The most significant of the travel-related news stories this week is Air Canada’s long-awaited taxpayer bailout—to the tune of about 6 billion dollars—and the fact it will finally end their illegal voucher scam. And Canadian airlines also extended their Caribbean and Mexico flight suspensions (often wrongly called the “South”, a bad totum pro parte).
Here are the details.
Air Canada gets bailout and finally offers refunds
About a year later than almost every other airline in the world (fitting for our federal government that has been so slow and incompetent with everything travel-related), Air Canada has now received its taxpayer-funded bailout.
A $5.879 billion bailout.
I am not sure how many of you care about the business side of this as much as this former management consultant does, so I’ll only cover it just briefly in a second, but first…
Air Canada refunds
The main positive impact of this bailout is that the airline will finally stop illegally confiscating travelers’ money, which the federal government has been complicit in… despite Canadian general contractual law being very clear (and other countries’ laws being even more clear).
Better late than never, but they deserve absolutely no goodwill since they don’t care about disobeying the law and forcing you to be in the business of providing interest-free loans to mega-corporations.
As I’ve said many times, it’s understandable that they tried this, but it doesn’t make it right. And it’s not understandable that the federal government let it happen (while both the US and EU required refunds right away).
They deserve almost all the blame for letting passengers be the ones to pay the price (literally and figuratively) and suffer financially while Air Canada kept the billions in their coffers all along and never even used them. And they got an assist from many travel agents’ associations who pushed for travel credits to protect their commissions instead of defending travelers.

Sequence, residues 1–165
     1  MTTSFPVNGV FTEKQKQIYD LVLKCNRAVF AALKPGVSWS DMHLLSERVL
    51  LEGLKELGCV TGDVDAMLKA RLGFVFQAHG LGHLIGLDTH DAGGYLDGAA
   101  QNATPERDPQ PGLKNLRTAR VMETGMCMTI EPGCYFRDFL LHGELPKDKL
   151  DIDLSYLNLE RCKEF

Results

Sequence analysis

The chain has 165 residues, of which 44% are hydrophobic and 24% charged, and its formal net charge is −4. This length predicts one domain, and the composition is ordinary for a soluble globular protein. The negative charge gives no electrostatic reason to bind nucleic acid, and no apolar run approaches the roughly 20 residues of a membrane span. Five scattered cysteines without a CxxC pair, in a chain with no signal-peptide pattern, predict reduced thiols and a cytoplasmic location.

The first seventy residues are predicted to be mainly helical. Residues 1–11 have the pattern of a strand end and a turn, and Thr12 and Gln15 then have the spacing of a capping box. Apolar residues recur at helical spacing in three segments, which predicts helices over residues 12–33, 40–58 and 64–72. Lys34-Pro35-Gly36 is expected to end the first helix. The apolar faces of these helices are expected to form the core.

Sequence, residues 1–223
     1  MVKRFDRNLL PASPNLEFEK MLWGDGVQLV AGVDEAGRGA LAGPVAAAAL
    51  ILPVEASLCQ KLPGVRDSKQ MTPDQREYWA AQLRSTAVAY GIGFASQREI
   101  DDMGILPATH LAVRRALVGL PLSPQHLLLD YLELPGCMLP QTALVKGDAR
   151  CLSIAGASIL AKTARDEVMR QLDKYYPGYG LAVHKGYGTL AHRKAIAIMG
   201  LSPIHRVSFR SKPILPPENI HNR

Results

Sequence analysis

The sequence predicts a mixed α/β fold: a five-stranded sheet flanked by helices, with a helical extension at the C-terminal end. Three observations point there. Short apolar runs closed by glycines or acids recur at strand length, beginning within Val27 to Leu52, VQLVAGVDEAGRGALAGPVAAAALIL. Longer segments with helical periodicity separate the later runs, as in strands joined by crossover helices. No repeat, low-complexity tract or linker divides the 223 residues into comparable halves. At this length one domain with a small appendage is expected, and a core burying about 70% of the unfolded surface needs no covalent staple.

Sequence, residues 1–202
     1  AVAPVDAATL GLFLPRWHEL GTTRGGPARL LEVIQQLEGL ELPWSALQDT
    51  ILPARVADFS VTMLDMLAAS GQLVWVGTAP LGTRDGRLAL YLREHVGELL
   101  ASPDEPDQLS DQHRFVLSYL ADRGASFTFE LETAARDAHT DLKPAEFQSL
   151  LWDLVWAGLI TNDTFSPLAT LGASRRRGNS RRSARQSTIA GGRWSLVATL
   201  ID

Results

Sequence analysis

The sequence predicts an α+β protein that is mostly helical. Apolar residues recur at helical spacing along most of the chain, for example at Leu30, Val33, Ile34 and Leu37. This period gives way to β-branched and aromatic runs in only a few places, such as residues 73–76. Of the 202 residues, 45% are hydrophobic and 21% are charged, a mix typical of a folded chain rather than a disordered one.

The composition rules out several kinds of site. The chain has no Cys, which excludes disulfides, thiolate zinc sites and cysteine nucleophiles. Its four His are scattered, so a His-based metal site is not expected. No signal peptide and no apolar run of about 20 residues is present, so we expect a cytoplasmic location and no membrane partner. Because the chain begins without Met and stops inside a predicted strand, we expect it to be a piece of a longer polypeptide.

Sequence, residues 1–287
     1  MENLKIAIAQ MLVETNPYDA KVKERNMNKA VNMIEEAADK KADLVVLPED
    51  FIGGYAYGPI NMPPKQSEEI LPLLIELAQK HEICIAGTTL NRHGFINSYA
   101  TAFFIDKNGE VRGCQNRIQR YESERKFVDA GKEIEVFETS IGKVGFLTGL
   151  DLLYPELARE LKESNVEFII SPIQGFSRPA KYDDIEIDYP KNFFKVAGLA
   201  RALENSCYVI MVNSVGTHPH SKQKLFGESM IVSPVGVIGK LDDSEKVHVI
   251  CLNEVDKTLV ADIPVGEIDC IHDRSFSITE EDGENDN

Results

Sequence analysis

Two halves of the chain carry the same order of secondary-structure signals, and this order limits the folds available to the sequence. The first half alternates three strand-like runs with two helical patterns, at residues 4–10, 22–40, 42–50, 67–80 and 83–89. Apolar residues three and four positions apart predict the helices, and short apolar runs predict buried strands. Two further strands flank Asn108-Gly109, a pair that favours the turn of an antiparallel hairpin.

Anyway, we’ll have a much more detailed guide about refunds very soon now that this major hurdle has been cleared. Sign up for our free newsletter to get it first.
But just know that you can start the Air Canada refund process here, for many flights it’s super easy, although it’s not necessarily that straightforward for all situations. We’ll help you with a detailed post soon.
Air Canada bailout
In short, the federal government is giving Air Canada is getting:
- $500 million by buying shares ($23.1793 per share)
- various loans, including $1.4 billion specifically for refunds
In exchange, in addition to issuing refunds, the airline will:
- resume service to “nearly all” Canadian airports where service was eliminated
- keep its order for 33 Airbus A220s built in Québec
- keep employee numbers above April 1st, 2021 levels
- restrict certain expenses, dividends, share buybacks, and senior executive compensation
Regional service is something that politicians care very much about, so that was sure to be included. Ironically, after forcing Air Canada to resume all those money-losing routes (now subsidized directly by taxpayers), now the government wants more interprovincial travel restrictions…
Politicians care about jobs too (some would say it is especially true for Québec manufacturing jobs). So Air Canada very skillfully threatened to cancel those A220 orders if they didn’t get money, and they threatened it subtly enough for it to not cause any backlash yet get the desired result. Shrewd move.